Recently I read a book that may have changed my life forever- The Eat Clean Diet by Tosca Reno. Please don’t be deceived by the title- this is not a fad diet (I would never endorse one of those), this is about changing the way you eat and maintaining it for the rest of your life. In the book was nothing that I didn’t already know deep down, but for some reason the information finally clicked for me and I wanted to put it into action.
I decided that I had been kidding myself into thinking that I was a healthy eater. I gave up most fast food when I was still in my twenties. I rarely drank sodas, I avoided obviously “bad“ foods like hot dogs and fried chicken- but after reading this book I realized that just because I eliminated certain foods from my diet, it didn’t mean that what I was eating was necessarily healthy.
Before I go any further I want to confess: I cannot claim to have fully embraced all of the recommendations that the author makes, but can say that I have made major changes- and will continue to make changes as time goes on.
A few of the main points that Tosca Reno makes in the book that I have taken to heart:
1. What you eat affects your physique much more than exercise does. This was a hard pill for me to swallow. For a while there I was running upwards of 30 miles per week and just couldn’t understand why my clothes kept fitting tighter and the scale continued to inch up. Now that I think about it, eating from the fabulous taco shops we have here in Southern California way too often were counteracting any miles I was racking up on the treadmill!
2. For many, many reasons, sugar is bad for you. And what’s worse, it’s in a lot more foods than you probably realize! I have become an aggressive label reader- if I see that something has any type of sugar, whether its high fructose corn syrup, natural sugar or even honey- I look for an alternative that doesn’t have it. What I am finding is that most processed foods of any kind contain sugar- and all sorts of other ingredients that I do not want in mine or my children’s bodies. You can avoid sugar, and all the other “junk”, by eating food in it’s most natural state- avoiding anything that has been processed.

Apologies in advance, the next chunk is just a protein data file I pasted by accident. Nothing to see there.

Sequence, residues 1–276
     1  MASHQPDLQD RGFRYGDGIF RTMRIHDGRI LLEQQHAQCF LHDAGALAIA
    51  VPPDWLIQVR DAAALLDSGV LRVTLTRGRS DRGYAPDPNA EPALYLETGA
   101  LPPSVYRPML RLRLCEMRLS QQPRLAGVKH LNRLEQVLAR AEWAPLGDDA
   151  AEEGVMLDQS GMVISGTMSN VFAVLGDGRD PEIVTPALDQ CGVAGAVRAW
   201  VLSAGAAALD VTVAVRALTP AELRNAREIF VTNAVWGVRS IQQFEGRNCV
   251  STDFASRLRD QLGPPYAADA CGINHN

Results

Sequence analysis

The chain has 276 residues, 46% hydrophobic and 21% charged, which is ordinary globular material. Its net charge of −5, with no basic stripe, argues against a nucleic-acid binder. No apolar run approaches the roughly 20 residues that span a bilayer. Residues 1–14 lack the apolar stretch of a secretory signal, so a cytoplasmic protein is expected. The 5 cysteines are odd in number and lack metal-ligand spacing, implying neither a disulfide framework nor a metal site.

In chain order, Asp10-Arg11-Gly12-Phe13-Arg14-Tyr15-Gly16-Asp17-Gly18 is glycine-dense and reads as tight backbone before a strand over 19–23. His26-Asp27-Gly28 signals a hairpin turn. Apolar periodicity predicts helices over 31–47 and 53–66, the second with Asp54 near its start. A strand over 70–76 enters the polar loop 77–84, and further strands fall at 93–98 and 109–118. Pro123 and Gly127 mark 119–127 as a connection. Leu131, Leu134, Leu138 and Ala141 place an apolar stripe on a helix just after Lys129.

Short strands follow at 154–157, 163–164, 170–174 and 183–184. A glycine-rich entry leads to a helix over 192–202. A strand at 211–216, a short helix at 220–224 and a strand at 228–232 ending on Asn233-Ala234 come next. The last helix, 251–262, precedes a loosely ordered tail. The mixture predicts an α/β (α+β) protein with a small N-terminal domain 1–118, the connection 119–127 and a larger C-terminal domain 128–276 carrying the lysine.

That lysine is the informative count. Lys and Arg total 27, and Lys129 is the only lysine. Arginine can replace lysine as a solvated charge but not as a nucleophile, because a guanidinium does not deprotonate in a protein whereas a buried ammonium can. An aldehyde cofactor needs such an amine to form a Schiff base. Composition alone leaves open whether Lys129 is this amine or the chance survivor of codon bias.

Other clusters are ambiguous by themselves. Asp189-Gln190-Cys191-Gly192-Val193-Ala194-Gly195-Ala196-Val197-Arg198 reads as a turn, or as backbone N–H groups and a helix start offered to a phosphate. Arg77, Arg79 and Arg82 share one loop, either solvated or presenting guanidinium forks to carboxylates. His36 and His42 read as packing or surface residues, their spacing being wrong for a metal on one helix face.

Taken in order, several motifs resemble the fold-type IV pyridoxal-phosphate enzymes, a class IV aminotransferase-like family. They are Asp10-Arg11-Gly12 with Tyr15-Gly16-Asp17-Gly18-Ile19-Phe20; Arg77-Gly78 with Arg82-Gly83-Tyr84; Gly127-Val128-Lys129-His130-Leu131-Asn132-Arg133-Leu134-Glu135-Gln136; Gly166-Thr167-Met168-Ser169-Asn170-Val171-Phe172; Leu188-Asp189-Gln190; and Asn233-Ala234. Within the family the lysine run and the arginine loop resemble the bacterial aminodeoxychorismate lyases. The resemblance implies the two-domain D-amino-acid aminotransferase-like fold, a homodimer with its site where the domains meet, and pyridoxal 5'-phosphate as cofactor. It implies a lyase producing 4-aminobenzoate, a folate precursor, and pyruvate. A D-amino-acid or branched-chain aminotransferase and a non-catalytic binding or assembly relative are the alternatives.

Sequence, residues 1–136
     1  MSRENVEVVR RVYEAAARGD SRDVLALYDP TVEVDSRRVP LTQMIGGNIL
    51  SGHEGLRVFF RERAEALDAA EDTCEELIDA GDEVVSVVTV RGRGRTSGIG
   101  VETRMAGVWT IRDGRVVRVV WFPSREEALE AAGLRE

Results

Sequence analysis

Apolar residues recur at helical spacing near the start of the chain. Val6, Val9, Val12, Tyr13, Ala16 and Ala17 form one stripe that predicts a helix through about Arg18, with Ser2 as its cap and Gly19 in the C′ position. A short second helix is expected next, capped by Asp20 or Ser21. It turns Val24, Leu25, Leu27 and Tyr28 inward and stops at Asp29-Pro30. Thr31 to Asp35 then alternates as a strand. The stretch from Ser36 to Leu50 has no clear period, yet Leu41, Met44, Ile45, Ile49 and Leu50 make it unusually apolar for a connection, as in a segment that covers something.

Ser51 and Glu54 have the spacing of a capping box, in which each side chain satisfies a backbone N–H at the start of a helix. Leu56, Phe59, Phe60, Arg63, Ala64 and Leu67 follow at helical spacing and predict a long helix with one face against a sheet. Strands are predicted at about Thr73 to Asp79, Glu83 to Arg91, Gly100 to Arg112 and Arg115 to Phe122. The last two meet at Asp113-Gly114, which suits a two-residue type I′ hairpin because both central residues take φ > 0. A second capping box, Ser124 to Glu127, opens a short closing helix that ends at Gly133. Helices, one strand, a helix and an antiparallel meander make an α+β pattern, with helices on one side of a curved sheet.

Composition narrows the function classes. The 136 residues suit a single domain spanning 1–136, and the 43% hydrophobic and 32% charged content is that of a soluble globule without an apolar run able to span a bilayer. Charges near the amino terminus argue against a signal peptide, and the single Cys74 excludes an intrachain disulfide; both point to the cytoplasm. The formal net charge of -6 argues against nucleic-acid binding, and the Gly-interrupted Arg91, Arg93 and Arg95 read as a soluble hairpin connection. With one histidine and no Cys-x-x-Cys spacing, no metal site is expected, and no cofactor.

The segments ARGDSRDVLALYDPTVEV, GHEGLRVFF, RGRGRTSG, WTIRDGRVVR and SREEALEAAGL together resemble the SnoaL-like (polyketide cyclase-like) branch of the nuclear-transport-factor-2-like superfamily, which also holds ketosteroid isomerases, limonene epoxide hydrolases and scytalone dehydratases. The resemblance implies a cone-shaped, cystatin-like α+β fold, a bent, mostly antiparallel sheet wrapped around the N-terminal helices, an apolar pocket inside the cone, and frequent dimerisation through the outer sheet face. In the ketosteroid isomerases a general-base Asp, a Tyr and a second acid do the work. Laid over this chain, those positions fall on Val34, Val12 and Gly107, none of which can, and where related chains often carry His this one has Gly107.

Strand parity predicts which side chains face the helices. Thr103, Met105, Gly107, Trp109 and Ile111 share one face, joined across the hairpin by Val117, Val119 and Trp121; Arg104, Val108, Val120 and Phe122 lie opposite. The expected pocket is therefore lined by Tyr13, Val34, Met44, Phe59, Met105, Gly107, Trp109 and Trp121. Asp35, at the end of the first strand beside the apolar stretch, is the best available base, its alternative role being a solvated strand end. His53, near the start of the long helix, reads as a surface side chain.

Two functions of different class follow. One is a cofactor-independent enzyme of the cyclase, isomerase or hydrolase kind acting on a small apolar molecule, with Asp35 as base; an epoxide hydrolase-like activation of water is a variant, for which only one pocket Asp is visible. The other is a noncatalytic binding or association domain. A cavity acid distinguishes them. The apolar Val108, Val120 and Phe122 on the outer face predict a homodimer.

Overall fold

3. Eat the right kinds of foods, more often. This one was really easy for me since I have always been a snacker. I am now in the habit of packing healthy snacks whenever I leave the house ( not just for the kids anymore!), and making sure I am eating a combination of protein and complex carbs every 2-3 hours. This keeps the metabolism moving, and also prevents overeating if I let myself get too hungry.
So, those are just a few of the basics from the book. The other thing I have been doing, which is more of a mental exercise, is asking myself these questions before I eat: “ What will this food do for my body? Will it provide me with the lasting energy I need to keep up with two preschoolers? Will it help me build the muscle I need run my first marathon? Am I going to feel good after I eat it?” If the answer to any of those questions is “no”, then I have to decide how badly I really want it, and why? If it’s a special occasion I certainly won’t deprive myself. But, let’s face it- most of the time when I get a craving for a cupcake or ice cream there is no occasion at all. And if I still choose to have it, at least I made an informed choice on what I am putting in my body, rather than just mindlessly eating food that has little or no nutritional value.
I started on the journey to eating clean just a few months ago, and I have already noticed significant changes in my body from the adjustments I have made. Although losing weight was not a goal of mine when I started this process, I have gotten leaner and the scale no longer fluctuates the 5 or so pounds that it used to. I firmly believe that by eating clean I will be able to maintain my ideal weight for the rest of my life and also be healthier and happier because of it. Eating clean is not about depriving yourself- it is about putting into your body what it needs to stay strong, fit and healthy for a lifetime.